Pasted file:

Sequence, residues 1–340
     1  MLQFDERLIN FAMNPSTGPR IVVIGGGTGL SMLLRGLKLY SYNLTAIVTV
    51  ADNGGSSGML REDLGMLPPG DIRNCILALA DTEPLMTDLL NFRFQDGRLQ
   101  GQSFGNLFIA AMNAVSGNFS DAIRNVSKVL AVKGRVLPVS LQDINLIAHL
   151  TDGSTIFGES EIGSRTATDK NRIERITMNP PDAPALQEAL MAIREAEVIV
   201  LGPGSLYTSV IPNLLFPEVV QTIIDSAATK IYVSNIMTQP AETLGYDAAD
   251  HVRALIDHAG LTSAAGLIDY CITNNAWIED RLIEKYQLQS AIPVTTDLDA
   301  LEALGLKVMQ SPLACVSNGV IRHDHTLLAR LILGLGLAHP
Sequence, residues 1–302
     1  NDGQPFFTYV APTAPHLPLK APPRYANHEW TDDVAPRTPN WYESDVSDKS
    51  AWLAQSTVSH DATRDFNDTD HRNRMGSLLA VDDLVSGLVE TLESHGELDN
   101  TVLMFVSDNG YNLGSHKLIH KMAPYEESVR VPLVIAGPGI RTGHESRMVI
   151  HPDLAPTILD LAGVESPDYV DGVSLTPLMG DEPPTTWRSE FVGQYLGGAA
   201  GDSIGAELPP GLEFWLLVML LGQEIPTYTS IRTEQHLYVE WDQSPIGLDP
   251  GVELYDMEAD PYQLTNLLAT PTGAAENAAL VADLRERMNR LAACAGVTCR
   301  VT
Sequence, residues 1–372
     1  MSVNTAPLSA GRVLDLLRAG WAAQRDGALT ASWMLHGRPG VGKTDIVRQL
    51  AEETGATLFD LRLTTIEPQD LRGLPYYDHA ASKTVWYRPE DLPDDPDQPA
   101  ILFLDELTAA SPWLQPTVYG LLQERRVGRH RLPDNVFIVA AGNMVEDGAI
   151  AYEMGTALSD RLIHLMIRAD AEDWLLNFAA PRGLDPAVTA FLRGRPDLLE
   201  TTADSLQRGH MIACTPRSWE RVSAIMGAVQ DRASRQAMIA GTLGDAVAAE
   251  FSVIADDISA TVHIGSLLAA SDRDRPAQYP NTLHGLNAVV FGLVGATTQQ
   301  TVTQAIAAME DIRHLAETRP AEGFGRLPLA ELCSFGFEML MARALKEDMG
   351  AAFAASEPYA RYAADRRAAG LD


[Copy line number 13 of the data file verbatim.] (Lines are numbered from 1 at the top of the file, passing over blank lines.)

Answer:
   151  HPDLAPTILD LAGVESPDYV DGVSLTPLMG DEPPTTWRSE FVGQYLGGAA